West’s No. 6 Seed Golden State’s Sweet Spot


Despite their horrific start, the Warriors are a respectable 6-6 after the first twelve games of the season. Their victories during this stretch came against clubs of varied stature.

They got the “Those were sloppy, but at least they’re beating the bad teams in the East” wins against the Bulls and Pistons. The “I’m starting to feel confident they can make it to the Play-In Tournament” wins came next against the Kings and Blazers.

And then the Clippers games happened.

The two games against LAC changed the perception of what the Warriors can be.

They were surprisingly competitive in the first game of the two-part baseball-style series. They lost by seven despite Steph only scoring 13 points, and showed flashes of that top-10 defense Steve Kerr is dreaming of.

In the second game, the Warriors played with desperation reminiscent of the Mark Jackson’s underdog squads. They executed like a poor man’s version of the record-breaking 73-win team and weathered a hot shooting night from a contending team (45% from three). Curry, flanked by decent shooters, led a 20-point comeback which turned into a 10-point win. He dropped a dazzling 38 along the way.

Since then, they beat a struggling, but still talented and veteran Raptors team, and lost two close ones to the Pacers and Nuggets.

All this to say that the Warriors were misrepresented in the preseason. Three weeks ago, many declared the Warriors were lottery bound once more. It now feels as if not making the playoffs would be a legitimate disappointment.

The question about Golden State going forward will be about what seed they’ll finish with.

The question we should be asking, however, is what seed they should want to finish with.

The answer is 6th. Here’s why.

It’s Probably Best to Stay Away from the Lakers

The Los Angeles Lakers are the best team in the NBA. Their new-and-improved roster boasts their two titans from yesteryear, along with an improved supporting cast filled with talented two-way players. They’re off to an 11-3 start without looking like they’ve needed so much as a water break.

It’s foolish to think they might relinquish their spot atop the West.

It’s accordingly foolish for the Warriors to be in their bracket when the playoffs roll around.

The Lakers are the only team in the West that should scare Golden State. They have two indomitable physical nightmares in LeBron James and Anthony Davis, and a plethora of defenders to make Steph work.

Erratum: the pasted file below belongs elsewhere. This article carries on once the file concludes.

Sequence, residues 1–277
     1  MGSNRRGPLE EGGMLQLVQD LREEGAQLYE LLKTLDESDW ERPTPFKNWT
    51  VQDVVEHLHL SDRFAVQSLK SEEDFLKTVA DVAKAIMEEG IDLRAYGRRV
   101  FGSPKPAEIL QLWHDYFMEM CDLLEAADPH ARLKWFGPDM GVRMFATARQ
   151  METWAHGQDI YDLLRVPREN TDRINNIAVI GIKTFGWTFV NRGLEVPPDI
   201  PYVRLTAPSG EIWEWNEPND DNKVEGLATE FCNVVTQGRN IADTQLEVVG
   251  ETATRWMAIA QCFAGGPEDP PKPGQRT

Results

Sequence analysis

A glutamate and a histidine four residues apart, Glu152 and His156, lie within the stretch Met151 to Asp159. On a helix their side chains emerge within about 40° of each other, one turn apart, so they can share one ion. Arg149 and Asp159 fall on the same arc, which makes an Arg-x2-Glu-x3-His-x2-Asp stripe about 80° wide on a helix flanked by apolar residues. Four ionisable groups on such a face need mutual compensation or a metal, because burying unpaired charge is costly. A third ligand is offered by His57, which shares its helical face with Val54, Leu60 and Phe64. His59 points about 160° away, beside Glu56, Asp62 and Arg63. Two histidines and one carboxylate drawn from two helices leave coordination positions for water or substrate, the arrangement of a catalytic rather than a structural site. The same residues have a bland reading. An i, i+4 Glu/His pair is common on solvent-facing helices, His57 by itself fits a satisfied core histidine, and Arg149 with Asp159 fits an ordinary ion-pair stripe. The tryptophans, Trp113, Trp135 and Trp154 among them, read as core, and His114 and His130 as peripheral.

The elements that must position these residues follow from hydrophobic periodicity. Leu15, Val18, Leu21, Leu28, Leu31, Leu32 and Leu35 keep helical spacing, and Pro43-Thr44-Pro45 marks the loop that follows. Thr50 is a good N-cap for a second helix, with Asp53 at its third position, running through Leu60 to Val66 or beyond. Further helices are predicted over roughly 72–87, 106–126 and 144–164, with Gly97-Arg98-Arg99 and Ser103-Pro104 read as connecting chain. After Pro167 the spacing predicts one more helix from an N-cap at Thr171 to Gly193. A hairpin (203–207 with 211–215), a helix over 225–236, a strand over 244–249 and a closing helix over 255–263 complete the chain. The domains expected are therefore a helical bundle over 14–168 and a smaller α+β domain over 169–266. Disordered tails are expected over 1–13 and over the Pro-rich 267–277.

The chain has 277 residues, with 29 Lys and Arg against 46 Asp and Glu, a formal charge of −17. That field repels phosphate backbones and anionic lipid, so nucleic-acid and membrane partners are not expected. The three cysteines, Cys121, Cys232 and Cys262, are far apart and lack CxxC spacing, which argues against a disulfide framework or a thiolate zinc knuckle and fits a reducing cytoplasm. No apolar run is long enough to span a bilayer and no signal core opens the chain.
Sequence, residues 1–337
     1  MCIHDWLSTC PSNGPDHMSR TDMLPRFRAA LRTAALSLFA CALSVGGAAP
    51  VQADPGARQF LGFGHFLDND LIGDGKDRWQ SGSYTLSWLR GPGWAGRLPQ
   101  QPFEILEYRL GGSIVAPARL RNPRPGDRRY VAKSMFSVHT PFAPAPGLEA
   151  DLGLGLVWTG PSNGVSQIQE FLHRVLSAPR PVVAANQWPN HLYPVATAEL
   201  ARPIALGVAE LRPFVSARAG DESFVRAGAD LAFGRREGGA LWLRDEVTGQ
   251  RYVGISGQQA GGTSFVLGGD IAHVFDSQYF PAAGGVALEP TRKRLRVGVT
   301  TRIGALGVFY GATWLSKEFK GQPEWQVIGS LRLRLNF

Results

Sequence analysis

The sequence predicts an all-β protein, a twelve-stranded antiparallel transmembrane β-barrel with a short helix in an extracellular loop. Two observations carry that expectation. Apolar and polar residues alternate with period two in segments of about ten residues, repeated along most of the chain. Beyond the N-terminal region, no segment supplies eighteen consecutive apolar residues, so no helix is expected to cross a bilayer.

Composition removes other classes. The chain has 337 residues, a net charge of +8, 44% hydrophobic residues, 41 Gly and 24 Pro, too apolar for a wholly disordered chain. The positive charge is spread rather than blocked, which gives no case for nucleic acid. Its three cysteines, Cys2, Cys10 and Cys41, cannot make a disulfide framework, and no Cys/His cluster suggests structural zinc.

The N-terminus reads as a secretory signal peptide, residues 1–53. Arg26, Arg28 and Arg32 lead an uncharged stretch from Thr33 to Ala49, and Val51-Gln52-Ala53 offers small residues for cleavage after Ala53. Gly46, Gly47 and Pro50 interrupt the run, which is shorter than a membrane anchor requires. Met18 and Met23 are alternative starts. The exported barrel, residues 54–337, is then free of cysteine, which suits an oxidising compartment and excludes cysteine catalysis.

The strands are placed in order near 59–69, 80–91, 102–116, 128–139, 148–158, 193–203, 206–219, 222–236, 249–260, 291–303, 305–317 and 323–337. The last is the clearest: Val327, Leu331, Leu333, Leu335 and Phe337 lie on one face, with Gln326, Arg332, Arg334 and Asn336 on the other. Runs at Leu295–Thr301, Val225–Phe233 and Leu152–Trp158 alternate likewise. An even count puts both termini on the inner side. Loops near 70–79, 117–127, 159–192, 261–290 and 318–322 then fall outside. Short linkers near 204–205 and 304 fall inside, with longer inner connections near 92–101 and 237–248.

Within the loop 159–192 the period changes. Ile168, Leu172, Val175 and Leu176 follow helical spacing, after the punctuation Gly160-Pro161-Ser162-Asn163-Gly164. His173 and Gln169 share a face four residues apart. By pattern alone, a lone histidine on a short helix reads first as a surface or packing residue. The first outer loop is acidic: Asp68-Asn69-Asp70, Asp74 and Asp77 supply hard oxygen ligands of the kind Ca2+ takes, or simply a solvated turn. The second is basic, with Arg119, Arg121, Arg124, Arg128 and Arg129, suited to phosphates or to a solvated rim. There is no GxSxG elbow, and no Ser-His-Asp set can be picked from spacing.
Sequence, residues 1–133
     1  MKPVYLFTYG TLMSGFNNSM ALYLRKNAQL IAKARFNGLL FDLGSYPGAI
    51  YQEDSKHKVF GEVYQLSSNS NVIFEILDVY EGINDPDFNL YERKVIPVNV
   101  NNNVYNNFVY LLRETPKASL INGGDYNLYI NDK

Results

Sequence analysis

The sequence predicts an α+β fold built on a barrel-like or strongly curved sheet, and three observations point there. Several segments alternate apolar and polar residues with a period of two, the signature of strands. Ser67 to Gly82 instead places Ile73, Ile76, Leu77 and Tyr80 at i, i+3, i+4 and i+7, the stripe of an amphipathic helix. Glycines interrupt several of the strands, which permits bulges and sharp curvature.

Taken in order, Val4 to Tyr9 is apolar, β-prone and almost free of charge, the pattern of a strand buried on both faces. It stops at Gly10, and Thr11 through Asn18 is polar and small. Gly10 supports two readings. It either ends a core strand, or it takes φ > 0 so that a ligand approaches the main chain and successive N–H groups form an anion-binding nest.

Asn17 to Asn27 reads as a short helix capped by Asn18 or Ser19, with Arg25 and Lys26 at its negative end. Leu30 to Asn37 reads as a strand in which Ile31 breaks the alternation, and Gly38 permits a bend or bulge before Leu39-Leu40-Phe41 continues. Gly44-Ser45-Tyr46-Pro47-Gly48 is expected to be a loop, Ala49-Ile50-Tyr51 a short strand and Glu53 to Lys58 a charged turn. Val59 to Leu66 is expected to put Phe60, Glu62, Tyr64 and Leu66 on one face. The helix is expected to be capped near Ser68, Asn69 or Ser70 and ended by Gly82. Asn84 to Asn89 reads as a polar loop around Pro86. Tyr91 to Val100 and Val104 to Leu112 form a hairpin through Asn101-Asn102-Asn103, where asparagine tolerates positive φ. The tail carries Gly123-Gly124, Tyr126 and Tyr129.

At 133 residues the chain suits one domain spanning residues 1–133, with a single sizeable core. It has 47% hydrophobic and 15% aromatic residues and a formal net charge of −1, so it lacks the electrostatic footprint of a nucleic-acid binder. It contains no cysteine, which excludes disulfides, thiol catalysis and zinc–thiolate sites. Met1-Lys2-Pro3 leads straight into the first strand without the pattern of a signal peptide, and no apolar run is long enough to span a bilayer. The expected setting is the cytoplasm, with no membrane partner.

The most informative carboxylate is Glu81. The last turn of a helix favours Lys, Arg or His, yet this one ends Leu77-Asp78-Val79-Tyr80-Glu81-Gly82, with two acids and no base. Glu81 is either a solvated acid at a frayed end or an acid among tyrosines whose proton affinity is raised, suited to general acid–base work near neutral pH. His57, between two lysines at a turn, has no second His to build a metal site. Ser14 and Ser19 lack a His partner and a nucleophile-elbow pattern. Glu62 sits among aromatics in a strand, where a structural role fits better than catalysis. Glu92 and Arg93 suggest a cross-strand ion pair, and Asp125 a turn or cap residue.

If the Warriors finish with the 6th seed, they will play the 3rd seed in the first round, and either the 7th seed or 2nd seed in the conference semifinals should they advance.

Sure, getting through the first two rounds would be somewhat of a shocker in and of itself. And beating the Lakers at any point will take a miracle.

But miracles in the Conference Finals are a lot more fun than miracles in the first round.

This isn’t the Year to Mess Around in the Play-In Tournament

It really isn’t.

Ten squads have a chance at making the postseason this year because of the recently introduced Play-In Tournament. Here’s how it works.

There will be two brackets in both conferences after the season ends. On one side, are the No. 7 and 8 seeds. On the other are the No. 9 and 10 seeds. The winner of a game between the 7 seed and the 8 seed locks in at 7. The remaining team plays the winner of a game between the 9 and 10 seeds. The winner of that game the 8 spot.

Sounds pretty equitable, right?


The West is a warzone.

Fourteen organizations want to make the playoffs. The Thunder are the one that doesn’t and even they are tied with the Warriors at 6-6.

Let’s say the Warriors land the No. 7 seed. There’s a real possibility that the three teams behind them are any combination of the Mavericks, Pelicans, Spurs and Blazers.

While none of them are definitively better than the Warriors, the Dubs also aren’t so much better, if better at all, than any of them that wins are a given. Especially when some of the names involved are Luka Doncic and Damian Lillard.

The Pick

No, no, no not the Minnesota gold coin top-3 protected pick—the other pick.

The Warriors 2021 pick has to fall in the top-20 for them to keep it. Otherwise, it becomes a part of Sam Presti’s first-round treasure trove.

This pick is especially valuable to the Warriors. They are going to be strapped for cash for the foreseeable future, so bolstering their lineup with quality rotational players from the draft is the easiest way to build.

So, why the 6th seed?

Traditionally, it’s really not the best spot to be in if you want your pick to land in the top 20. Only two No. 6 seeds in the last 10 years have actually picked within those bounds. But those two years, 2012 and 2016, were similar to this year in that the Eastern and Western Conferences were similarly competitive (record-wise)—specifically with the No. 5 seeds.

In 2012, The No. 5 seeds in the East and West both finished 40-26, and in 2016, they finished 48-34 and 44-38 respectively.

This year looks like it will shake out similarly. The East is surprisingly deep, which should result in pretty similar win totals across conferences. For example, right now the East’s 5th seed is only a game behind the West’s 5th seed, though it is early.

To put it simply — if the Warriors are the 6th seed, the top five teams in the East have to finish with better records than the them if they want to keep their pick. That seems as likely as ever this year.

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About Matt Cardoza

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